21st Jun 2018
“What a lovely cervix you have!”
There are some things that you never thought you needed to hear until you do and praise for my cervix is just one of those things. Call me big-headed but having a lovely cervix is something I’m going to pride myself on because my body and I have never seen eye to eye. Where there’s a fleck of praise, I’ll take it, and my new gynaecologist was dishing it out as she checked out my womb to see if it could house a coil.
When I got my first period, I didn’t realise it was my period. It lasted for the entire duration of my first visit to the Gaeltacht, away from my mum and my sister, and surrounded by very innocent 12-year-olds or 14-year-olds from Ennis that made up grandiose stories about having sex with local boys called Seán Pól, I had no one there that I could talk to. When I saw that first drop of rouge, I didn’t celebrate my womanhood because I genuinely thought that this was just a build up to my slow and impending death. For the first year of being a young woman, my periods lasted for approximately three weeks every single month because my body loves the drama.
One example of the dramatics my body practices: I once fell over in my bathroom, snapping my femur in two. When I arrived in A&E, the doctor on duty just couldn’t believe that I had achieved such a break. “You don’t understand, this is a high impact sports injury! Rugby players come in with this,” he squealed to my mother, who was growing impatient with his wonderment when I should have been in surgery already. When something should be simple, my body takes the scenic route, gets a puncture in an area with no phone coverage, and then somehow bursts into flames so I’ve come to expect the worst, but balance it nicely into my social life. I once went straight from A&E after being treated for third-degree burns to a Queens of a Stone Age concert. I guess hospital wards are like nail salons to me. I use them at my convenience.
Which brings me back to the coil and my supermodel cervix. Since the age of 13, I took different contraceptive pills to schedule the never-ending periods I experienced, as well as clearing up that deep-rooted forehead acne I rocked until my 20s and to totally and utterly avoid pregnancy. I thought that I had found a nice balance with Cerazette because you don’t get a period with that pill. For a glorious 18 months, I didn’t get a period until I did for six weeks straight. Knowing the unusual U-turns I take when it comes to my personal health and safety, alarm bells rang out. I’m one of the fortunate women who has never experienced PMS or period pains but with this unwelcome visitor, I spent days clutching my stomach – breathing like I was birthing a calf – and I was so depressed. I was in such a thick fog of self-hate that my skewed logic couldn’t connect the dots between this heavy sadness and a period that just wouldn’t quit. “This is it. I’m actually dying this time… Good!”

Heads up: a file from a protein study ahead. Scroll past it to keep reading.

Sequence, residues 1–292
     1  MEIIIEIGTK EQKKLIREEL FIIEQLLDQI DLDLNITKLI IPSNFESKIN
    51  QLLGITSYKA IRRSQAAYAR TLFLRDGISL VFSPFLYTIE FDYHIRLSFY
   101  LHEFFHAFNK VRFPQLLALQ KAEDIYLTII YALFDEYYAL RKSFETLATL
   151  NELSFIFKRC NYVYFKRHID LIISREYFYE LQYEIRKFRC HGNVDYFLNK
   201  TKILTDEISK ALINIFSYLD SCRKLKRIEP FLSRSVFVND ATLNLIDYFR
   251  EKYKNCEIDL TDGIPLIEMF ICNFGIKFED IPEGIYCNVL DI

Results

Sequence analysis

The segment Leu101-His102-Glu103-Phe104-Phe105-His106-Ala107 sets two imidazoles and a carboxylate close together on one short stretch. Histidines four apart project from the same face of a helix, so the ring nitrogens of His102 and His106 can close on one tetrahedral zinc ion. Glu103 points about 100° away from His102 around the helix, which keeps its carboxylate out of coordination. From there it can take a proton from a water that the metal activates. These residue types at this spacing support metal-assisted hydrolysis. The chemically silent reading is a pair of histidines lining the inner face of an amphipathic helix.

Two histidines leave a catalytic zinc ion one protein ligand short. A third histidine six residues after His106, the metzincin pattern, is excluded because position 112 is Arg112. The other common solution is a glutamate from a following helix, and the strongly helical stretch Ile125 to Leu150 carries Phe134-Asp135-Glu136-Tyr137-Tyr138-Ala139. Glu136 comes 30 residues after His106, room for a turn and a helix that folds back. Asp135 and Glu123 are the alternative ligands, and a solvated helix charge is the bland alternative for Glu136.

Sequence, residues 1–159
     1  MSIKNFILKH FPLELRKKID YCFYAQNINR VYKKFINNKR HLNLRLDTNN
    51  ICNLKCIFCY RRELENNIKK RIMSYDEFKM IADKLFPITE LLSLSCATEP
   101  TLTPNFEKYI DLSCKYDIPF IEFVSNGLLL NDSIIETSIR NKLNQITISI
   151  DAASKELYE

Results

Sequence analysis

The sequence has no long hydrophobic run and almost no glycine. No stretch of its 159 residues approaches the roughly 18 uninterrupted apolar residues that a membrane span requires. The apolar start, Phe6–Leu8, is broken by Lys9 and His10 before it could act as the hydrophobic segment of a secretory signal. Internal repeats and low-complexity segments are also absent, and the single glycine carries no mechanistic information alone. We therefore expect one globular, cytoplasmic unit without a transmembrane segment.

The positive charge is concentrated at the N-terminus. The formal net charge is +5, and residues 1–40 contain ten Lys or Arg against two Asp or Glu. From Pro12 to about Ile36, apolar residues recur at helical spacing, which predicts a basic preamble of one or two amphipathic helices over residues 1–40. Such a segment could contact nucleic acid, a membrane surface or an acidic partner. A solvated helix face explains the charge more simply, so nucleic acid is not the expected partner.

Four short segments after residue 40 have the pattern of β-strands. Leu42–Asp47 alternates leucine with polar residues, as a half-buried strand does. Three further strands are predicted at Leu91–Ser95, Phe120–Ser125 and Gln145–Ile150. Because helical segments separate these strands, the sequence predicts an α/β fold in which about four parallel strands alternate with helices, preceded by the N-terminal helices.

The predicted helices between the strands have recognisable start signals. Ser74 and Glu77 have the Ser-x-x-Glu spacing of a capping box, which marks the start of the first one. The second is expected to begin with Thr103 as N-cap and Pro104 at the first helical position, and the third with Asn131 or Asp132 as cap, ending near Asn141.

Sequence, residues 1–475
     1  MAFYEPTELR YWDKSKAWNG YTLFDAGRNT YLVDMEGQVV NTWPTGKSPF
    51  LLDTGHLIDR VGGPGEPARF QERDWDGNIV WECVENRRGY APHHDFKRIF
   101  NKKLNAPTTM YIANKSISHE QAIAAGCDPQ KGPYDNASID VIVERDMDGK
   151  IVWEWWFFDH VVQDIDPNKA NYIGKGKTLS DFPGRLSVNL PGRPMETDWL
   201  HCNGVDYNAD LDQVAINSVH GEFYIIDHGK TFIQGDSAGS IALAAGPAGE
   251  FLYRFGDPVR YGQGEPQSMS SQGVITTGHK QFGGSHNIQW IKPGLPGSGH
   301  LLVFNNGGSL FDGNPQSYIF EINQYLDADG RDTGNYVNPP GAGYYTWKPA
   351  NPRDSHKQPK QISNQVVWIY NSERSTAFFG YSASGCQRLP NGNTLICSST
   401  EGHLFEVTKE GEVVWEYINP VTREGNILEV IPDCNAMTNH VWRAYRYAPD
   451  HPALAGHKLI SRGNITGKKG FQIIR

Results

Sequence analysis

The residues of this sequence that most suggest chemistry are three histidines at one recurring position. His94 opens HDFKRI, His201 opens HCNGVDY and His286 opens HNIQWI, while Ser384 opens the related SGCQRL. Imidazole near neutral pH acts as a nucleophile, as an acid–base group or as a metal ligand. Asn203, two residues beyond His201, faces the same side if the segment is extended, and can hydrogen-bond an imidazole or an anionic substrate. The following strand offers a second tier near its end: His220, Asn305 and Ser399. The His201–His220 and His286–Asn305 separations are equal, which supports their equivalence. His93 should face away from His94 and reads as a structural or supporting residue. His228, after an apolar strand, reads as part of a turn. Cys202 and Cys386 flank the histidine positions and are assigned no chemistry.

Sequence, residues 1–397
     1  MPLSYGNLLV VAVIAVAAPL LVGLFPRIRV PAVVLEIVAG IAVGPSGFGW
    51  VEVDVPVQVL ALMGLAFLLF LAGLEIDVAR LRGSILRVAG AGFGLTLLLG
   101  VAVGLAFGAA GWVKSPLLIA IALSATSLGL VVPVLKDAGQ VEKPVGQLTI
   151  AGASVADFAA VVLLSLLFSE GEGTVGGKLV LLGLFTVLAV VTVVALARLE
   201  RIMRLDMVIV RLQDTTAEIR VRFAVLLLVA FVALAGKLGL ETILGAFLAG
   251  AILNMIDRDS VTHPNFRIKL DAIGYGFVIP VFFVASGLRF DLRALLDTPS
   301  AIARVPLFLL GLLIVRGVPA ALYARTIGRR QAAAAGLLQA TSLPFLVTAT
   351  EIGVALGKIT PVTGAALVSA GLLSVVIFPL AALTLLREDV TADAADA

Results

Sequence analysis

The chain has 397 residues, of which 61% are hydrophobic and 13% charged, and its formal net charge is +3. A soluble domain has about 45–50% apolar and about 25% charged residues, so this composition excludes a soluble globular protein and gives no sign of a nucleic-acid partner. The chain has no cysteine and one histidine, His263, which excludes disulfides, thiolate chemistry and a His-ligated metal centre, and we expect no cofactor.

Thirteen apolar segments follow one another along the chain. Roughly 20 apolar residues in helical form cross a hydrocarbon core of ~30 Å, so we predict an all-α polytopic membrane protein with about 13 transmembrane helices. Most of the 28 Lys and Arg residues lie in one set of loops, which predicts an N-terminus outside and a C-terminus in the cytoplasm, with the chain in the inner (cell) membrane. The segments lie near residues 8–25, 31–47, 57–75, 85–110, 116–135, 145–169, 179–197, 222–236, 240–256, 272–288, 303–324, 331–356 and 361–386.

It was not a good place to be. I found a fraction of sense and went to my local VHI Swiftcare late one Saturday evening and instead of dishing out the “I’m dying, doc” line, I pieced together the three ailments I needed to get some help. My period won’t stop. I’m in pain. And I hate myself. While the doctor on duty couldn’t prescribe me anything then, her kindness reassured me that I wasn’t dying. Not even slightly. Well, I was dying at a healthy pace, as we all are. She advised me to be kind to myself and visit my GP, who would then arrange an appointment for me with a gynaecologist. All of this was happening as the cervical screening controversy was unfolding across the country and my nerves were close to tatters, tears always sitting inside my eyes, occasionally making their way down my face.
Going through my long and complicated medical history, my new gynae decided that my body has been through enough. “Why make life harder for yourself,” she said, and suggested I go with the Mirena Coil. It comes with just one-fourteenth of the hormones my former pill contained, so in using that, my moods would balance out and I’d have some occasional respite during the five years it would hold residence in my womb. Picked up on prescription in my pharmacy, this coil comes in a cardboard box the size of my forearm so for the month I waited between consultation and insertion, this box eyed me up everyday. “You’re going to be in me,” I deadpanned, removing all sexual prowess from the line I normally reserve to drunkenly (and unsuccessfully) seduce boys, replacing it with a foreboding sense of doom instead. The procedure itself was simple and my gynae, lovelier than my cervix if you can believe, casually chatted to me, making me feel like this was nothing more than a pre-holiday wax. I drove in and out to the clinic and while there was some mild discomfort afterwards, I just used it as an excuse to lie on the couch under a duvet, all buzzed up on Nurofen with the three episodes of Love Island I had saved up for this very occasion.
This may not be the end of my womb issues but since reaching out to my GP and gynaecologist, I now have somewhere to go instead of turning to that damning inner voice of mine that screams “DEATH!” at every turn. I no longer have to jump to the worst conclusions because with this sturdy team behind me I can, as Alex on Love Island says whenever a new woman walks into the house, keep my options open.
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